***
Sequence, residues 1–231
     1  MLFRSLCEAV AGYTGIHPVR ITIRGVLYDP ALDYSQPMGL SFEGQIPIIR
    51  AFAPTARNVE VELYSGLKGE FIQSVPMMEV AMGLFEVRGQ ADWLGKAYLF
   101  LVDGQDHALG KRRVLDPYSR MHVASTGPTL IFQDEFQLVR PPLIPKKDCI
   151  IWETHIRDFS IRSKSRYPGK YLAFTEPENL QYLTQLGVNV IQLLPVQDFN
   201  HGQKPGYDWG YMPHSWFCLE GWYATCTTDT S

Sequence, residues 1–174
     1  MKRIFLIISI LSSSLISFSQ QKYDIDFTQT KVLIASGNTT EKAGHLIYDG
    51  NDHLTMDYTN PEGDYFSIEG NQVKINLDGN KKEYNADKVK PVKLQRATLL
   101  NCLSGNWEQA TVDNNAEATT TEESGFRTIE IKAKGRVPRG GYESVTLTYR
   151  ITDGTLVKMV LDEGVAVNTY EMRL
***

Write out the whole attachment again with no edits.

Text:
Sequence, residues 1–231
     1  MLFRSLCEAV AGYTGIHPVR ITIRGVLYDP ALDYSQPMGL SFEGQIPIIR
    51  AFAPTARNVE VELYSGLKGE FIQSVPMMEV AMGLFEVRGQ ADWLGKAYLF
   101  LVDGQDHALG KRRVLDPYSR MHVASTGPTL IFQDEFQLVR PPLIPKKDCI
   151  IWETHIRDFS IRSKSRYPGK YLAFTEPENL QYLTQLGVNV IQLLPVQDFN
   201  HGQKPGYDWG YMPHSWFCLE GWYATCTTDT S

Sequence, residues 1–174
     1  MKRIFLIISI LSSSLISFSQ QKYDIDFTQT KVLIASGNTT EKAGHLIYDG
    51  NDHLTMDYTN PEGDYFSIEG NQVKINLDGN KKEYNADKVK PVKLQRATLL
   101  NCLSGNWEQA TVDNNAEATT TEESGFRTIE IKAKGRVPRG GYESVTLTYR
   151  ITDGTLVKMV LDEGVAVNTY EMRL